Directors: Chris Buck, Jennifer Lee
Starring: Kristen Bell, Idina Menzel, Josh Gad, Jonathan Groff, Sterling K. Brown, Evan Rachel Wood, Martha Plimpton, Jason Ritter, Rachel Matthews
This will hardly come as news to anyone with young children, but Disney’s Frozen was kind of a big deal. In grossing US$1.27 billion at the international box office it became both the highest grossing animated film and the highest grossing movie musical in history. It showed that even in the era of Pixar there is still a market for the traditional Disney animated musical while subverting that very formula, giving us a Disney princess movie with a feminist twist in which the true love that saved the day was not the romantic love between our princess heroine and her handsome rescuer, but the familial bond between sisters. Five years on, it is with much anticipation that they are again deviating from the formula, this time by giving the film a theatrical sequel, something Disney animations have never really had before. Even mega hits like The Lion King, Aladdin and The Little Mermaid only received direct-to-video follow ups.
In their childhood, Elsa (Idina Menzel) and Anna’s (Kristen Bell) parents told them of an enchanted forest which lay to the north of Arendelle. Protected by an impenetrable fog, it was ruled by the four spirits – earth, air, fire and water. Years later, with Elsa now queen of Arendelle, she starts to hear the spirits calling her from the forest. Soon, Arendelle’s fires go out. Its fountains run dry. The earth quakes. It is as though the elements are revolting against the city. Believing the events to be connected to the call she has been hearing, Elsa, along with her trusty companions Anna, Kristoff (Jonathan Groff) and Olaf (Josh Gad), venture north in search of Ahtohallan, a mythical place that may hold the answers not only to what is going on in Arendelle, but to Elsa’s powers and their family’s history.
Frozen started from a place of disharmony. The palace gates were shut. Elsa was living in self-imposed isolation. Anna was feeling estranged from her sister. This opening scenario made the film instantly intriguing. Frozen II, however, starts from out in a much happier place. Arendelle appears prosperous under Elsa’s reign. Our heroes remain a tight-knit group of friends. Kristoff is even working up the courage to ask Anna to marry him. As such, while we enjoy being back with these characters, it takes a while to get going and for our interest to be peaked. It is not until the mechanisms of the plot take out characters out of the city and start separating them into smaller groups and pairings that you start to feel some of that spark that made the first film work.
While seeking to retain the essential flavour of the original, returning screenwriter and co-director Jennifer Lee delivers a more complex and darker film. Moving away from traditional Disney notions of good and evil into slightly more nuanced territory, we have a mystery without a defined villain. There is no plot to be thwarted. Rather, this is a tale about uncovering truths and learning that the things might not be as you have been brought up to believe. Alongside being more nuanced, however, it is also a bit messier. Where Frozen was so focused with a clear cut message, there is a lot more going on in the sequel. The feminist rewriting of the Disney princess tradition continues. Again sisterly love takes precedence over matrimony. But this is also a film about colonialism and its negative impacts on both first peoples and the environment, as well as being a film about growing up and maturing, and about young people having to deal with the repercussions of previous generations’ sins. While these ideas are not clearly separate from one another, nor are they perfectly overlapping. There are a lot of balls in the air, and while none of them are necessarily dropped, it makes for a busier film.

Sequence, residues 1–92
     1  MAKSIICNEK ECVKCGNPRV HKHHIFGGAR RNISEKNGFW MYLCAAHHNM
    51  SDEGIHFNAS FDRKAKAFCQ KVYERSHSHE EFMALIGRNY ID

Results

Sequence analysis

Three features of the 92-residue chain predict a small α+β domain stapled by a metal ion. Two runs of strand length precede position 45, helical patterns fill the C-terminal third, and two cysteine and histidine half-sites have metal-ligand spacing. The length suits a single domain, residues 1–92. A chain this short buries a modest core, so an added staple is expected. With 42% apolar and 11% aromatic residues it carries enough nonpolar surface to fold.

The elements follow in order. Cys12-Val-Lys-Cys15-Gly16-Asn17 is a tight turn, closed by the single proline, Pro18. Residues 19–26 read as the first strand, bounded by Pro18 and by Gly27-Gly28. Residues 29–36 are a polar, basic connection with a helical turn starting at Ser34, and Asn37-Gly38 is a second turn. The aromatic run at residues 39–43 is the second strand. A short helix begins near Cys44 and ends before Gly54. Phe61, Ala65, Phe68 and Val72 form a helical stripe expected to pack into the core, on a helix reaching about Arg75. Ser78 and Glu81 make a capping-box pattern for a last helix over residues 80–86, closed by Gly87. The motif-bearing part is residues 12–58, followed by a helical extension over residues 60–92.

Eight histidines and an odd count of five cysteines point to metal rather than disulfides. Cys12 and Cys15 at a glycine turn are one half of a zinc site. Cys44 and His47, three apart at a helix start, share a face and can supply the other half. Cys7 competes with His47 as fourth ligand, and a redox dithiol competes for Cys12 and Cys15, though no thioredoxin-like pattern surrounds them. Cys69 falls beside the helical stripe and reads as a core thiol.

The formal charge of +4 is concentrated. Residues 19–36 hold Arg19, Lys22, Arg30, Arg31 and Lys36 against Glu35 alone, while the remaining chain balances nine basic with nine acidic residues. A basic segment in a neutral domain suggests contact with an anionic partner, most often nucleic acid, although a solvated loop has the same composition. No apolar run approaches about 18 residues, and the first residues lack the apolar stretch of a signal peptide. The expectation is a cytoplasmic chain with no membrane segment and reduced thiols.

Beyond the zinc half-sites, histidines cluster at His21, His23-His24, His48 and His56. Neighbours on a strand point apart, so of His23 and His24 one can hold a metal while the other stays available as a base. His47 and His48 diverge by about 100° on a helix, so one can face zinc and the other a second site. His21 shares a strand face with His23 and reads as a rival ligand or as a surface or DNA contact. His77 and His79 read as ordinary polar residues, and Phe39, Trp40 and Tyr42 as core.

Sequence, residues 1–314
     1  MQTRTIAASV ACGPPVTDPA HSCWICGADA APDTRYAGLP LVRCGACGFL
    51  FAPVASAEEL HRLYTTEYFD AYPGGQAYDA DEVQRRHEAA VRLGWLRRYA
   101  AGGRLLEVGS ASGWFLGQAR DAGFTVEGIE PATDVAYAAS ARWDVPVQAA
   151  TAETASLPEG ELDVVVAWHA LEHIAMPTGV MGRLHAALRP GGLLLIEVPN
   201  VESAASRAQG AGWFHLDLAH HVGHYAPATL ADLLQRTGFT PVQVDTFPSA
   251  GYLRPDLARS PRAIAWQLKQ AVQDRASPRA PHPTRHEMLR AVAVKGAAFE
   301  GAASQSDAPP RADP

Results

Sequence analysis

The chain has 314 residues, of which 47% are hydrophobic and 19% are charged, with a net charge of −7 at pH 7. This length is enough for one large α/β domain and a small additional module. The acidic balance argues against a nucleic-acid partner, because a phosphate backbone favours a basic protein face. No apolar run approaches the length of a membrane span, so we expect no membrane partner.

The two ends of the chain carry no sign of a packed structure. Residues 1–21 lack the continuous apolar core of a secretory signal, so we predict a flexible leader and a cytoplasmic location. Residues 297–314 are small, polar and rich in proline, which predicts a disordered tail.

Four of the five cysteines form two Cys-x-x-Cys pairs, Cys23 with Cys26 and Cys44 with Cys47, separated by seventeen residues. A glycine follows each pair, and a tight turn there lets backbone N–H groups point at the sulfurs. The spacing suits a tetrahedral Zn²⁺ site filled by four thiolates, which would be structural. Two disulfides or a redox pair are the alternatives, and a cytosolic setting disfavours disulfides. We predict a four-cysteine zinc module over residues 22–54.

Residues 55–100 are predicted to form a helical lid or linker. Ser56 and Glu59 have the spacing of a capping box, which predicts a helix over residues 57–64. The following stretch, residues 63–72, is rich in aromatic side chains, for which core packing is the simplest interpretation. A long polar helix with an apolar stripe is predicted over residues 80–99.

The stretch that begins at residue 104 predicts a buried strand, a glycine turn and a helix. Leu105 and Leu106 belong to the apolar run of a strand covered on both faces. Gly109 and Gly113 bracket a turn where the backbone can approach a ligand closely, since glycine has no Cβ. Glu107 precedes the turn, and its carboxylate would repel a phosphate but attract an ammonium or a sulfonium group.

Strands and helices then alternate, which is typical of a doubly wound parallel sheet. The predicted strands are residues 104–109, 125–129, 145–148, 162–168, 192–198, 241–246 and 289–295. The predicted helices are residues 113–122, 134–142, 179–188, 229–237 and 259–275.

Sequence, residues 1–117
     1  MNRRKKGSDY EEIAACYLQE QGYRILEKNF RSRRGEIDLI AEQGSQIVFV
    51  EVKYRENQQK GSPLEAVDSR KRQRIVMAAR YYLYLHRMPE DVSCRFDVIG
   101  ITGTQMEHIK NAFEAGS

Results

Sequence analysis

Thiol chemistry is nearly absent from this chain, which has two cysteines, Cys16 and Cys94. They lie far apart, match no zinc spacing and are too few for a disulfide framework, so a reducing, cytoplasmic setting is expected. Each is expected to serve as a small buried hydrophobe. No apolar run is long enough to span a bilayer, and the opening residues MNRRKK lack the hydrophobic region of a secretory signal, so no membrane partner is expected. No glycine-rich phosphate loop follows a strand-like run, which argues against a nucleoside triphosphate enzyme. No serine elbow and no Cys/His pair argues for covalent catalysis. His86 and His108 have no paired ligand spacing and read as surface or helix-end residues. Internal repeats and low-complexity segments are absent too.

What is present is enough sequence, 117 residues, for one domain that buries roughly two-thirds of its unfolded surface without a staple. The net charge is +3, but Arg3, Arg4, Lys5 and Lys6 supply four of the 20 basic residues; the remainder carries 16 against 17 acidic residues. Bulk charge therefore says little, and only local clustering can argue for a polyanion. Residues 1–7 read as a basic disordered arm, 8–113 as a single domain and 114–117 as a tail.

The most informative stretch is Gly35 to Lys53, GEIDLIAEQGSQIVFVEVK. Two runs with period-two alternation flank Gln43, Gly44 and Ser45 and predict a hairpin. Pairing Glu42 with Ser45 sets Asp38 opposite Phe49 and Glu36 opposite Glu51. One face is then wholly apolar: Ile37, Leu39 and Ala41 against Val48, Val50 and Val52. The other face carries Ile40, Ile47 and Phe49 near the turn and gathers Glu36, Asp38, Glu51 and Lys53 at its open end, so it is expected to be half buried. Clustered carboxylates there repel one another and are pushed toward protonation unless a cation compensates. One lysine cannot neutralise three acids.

Arguably the most pressure coming into this sequel was on songwriters Kristen Anderson-Lopez and Robert Lopez. While ‘Let it Go’ got all the plaudits, Frozen was wall to wall bangers. The soundtrack for Frozen II – the ultimate difficult second album – is not as immediately striking as the first, though it does grow on you with time. Idina Menzel still gets her opportunity to cut loose with ‘Into the Unknown,’ a propulsive number which is sure to be the song that gets put forward for awards consideration (although, controversial opinion, I think the Panic at the Disco cover that plays over the end credits might be the catchier version). The songwriters have also been emboldened to take some bigger swings this time around, none more so than Kristoff’s 80s inspired power ballad ‘Lost in the Woods.’ The crowd pleaser, though, is Olaf’s ‘This Will All Make Sense When I am Older,’ a little ditty he sings to himself as he walks alone through the enchanted forrest in an effort to repress his trauma in real time. The song plays into a narrative thread which sees Olaf wrestling with experience of ageing and, in his mind at least, becoming more mature and wise (Olaf also gets the film’s biggest laugh for a moment in which he re-enacts the story of the first film for the benefit of a group of people they meet on their journey).
While there is plenty to enjoy in Frozen II – the fun characters, solid songs, relevant themes and impressive animation – there is no escaping that it feels like a sequel, a little something extra that is dependent on our existing investment and good will from the first to make it work. Even in the moment you can’t help but feel that, rather than sitting alongside the original in the way that the Toy Story sequels do (at least until Toy Story 4), Frozen II will only ever be a supplement to the main attraction.
Review by Duncan McLean
Have you seen Frozen II? Leave a comment and let us know what you thought.